C-Tech Innovation Ltd is an integrated research, process development and equipment supplier based in Chester, with specialisms in electrochemical engineering and advanced thermal processing.
Several years ago, before the current prominence of the topic, a consortium including C-Tech identified an opportunity relating to the reduction of plastic waste and the environmental impact of clothing. The resultant technology, called “wear2”, is now reaching manufacturing fruition, being scaled across Europe, and integrated into the value chains of a number of clothing suppliers.
The wear2 technology grew from recognising an opportunity to de-brand corporate clothing and realise value from the 16 million items disposed of each year in the UK. For branding and security reasons, organisations typically do not wish their old corporate clothing to be reused outside their organisation. At best, these garments are shredded into low-grade, low-value fibre with limited end uses. At worst, they are incinerated or landfilled.
In order to realise the technology’s potential, the development of the business case was critical and this involved investigating how to change procurement practices to ensure that value is properly accrued in the supply chain.
KTN’s manufacturing team helped identify appropriate funding to help develop the technology and reviewed the application to help secure a grant from Innovate UK. KTN was instrumental in helping build the consortium, in particular helping to secure the engagement of companies in the supply chain that might not usually be aware of collaboration opportunities, and finding a waste processing company that was able to inform solutions to the challenges of disassembling and recovering value from discarded clothing.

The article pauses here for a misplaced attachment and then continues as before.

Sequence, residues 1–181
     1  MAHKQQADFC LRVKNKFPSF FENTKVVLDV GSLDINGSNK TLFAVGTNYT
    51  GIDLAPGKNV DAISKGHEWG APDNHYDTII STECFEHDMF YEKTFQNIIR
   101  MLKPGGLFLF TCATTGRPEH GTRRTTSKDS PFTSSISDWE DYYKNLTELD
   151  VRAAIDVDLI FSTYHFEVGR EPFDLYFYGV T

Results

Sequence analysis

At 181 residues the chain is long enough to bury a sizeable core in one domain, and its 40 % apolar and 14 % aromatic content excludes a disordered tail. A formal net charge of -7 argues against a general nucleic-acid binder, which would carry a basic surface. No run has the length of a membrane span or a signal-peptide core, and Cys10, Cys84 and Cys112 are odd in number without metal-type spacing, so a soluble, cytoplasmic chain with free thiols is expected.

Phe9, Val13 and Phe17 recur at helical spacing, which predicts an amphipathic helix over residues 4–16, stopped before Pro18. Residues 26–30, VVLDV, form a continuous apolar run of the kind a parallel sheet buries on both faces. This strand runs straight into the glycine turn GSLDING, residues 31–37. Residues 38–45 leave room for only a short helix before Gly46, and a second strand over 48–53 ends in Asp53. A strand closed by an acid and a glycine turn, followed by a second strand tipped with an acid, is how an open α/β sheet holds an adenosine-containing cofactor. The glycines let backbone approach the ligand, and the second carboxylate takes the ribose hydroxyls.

The consortium included the University of Leeds, George at Asda, Oxfam Waste Savers, Royal Mail Group Limited, Aestiva Ltd and Madiera UK Ltd. SUSCORP ultimately developed a new patented process capable of selectively separating seams in textiles, without damaging the surrounding fabric. This was given the brand name “wear2”.
Further to the SUSCORP project the consortium sought partners to commercialise the technology through a licensing model. A license holder in the Netherlands then trialled a range of corporate clothing using wear2 technology. Recognising great promise, and hence looking for more control, ultimately they decided they wanted to purchase the intellectual property and set up a new venture called Wear2-Go. C-Tech Innovation thus saw a direct financial return from this sale and will also continue, on an ongoing basis, to derive revenues from providing the equipment & technical support that enables the process. C-Tech estimate that over a 5 year period they will realise two or three times their internal investment. In the longer term, new and emerging legislative drivers mean that the technology could stand to capture a significant proportion of the global corporate clothing market.
- KTN helped identify appropriate funding from Innovate UK to help develop the technology
- KTN introduced C-Tech to partners and suppliers who were instrumental in developing the consortium necessary to create the solutions.
“It’s great to see the wear2 technology reaching manufacturing fruition. KTN was a key part of that journey, helping us in particular to find the funding and partners that enabled a better understanding of the end users. KTN is a useful and practical resource for knowledge on markets and active partners for innovation. The KTN’s knowledge on the innovation funding landscape is excellent and the reasonable, informed and unbiased opinion of all of KTN’s staff is a valuable resource for anyone looking to engage in innovation funding or collaboration in the UK” – Rob Bell, Technical director, C-Tech Innovation ltd.